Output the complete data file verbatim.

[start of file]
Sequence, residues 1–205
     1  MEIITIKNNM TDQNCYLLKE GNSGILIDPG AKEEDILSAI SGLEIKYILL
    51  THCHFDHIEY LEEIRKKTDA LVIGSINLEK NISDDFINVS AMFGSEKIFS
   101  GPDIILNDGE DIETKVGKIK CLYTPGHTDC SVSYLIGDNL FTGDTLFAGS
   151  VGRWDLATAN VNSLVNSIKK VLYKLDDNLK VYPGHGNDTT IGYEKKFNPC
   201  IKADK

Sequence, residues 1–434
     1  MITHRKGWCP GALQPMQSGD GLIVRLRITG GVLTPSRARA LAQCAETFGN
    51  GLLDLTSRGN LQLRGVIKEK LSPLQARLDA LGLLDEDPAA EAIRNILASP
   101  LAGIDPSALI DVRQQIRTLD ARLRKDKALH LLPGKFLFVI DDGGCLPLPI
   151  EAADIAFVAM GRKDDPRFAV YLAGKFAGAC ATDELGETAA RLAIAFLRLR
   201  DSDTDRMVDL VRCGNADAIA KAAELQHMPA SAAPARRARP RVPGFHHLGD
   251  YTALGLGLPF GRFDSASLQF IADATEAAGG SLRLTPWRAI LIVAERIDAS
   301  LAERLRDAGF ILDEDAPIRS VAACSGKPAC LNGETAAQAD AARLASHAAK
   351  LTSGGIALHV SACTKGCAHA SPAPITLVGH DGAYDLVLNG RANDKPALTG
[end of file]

Sequence, residues 1–205
     1  MEIITIKNNM TDQNCYLLKE GNSGILIDPG AKEEDILSAI SGLEIKYILL
    51  THCHFDHIEY LEEIRKKTDA LVIGSINLEK NISDDFINVS AMFGSEKIFS
   101  GPDIILNDGE DIETKVGKIK CLYTPGHTDC SVSYLIGDNL FTGDTLFAGS
   151  VGRWDLATAN VNSLVNSIKK VLYKLDDNLK VYPGHGNDTT IGYEKKFNPC
   201  IKADK

Sequence, residues 1–434
     1  MITHRKGWCP GALQPMQSGD GLIVRLRITG GVLTPSRARA LAQCAETFGN
    51  GLLDLTSRGN LQLRGVIKEK LSPLQARLDA LGLLDEDPAA EAIRNILASP
   101  LAGIDPSALI DVRQQIRTLD ARLRKDKALH LLPGKFLFVI DDGGCLPLPI
   151  EAADIAFVAM GRKDDPRFAV YLAGKFAGAC ATDELGETAA RLAIAFLRLR
   201  DSDTDRMVDL VRCGNADAIA KAAELQHMPA SAAPARRARP RVPGFHHLGD
   251  YTALGLGLPF GRFDSASLQF IADATEAAGG SLRLTPWRAI LIVAERIDAS
   301  LAERLRDAGF ILDEDAPIRS VAACSGKPAC LNGETAAQAD AARLASHAAK
   351  LTSGGIALHV SACTKGCAHA SPAPITLVGH DGAYDLVLNG RANDKPALTG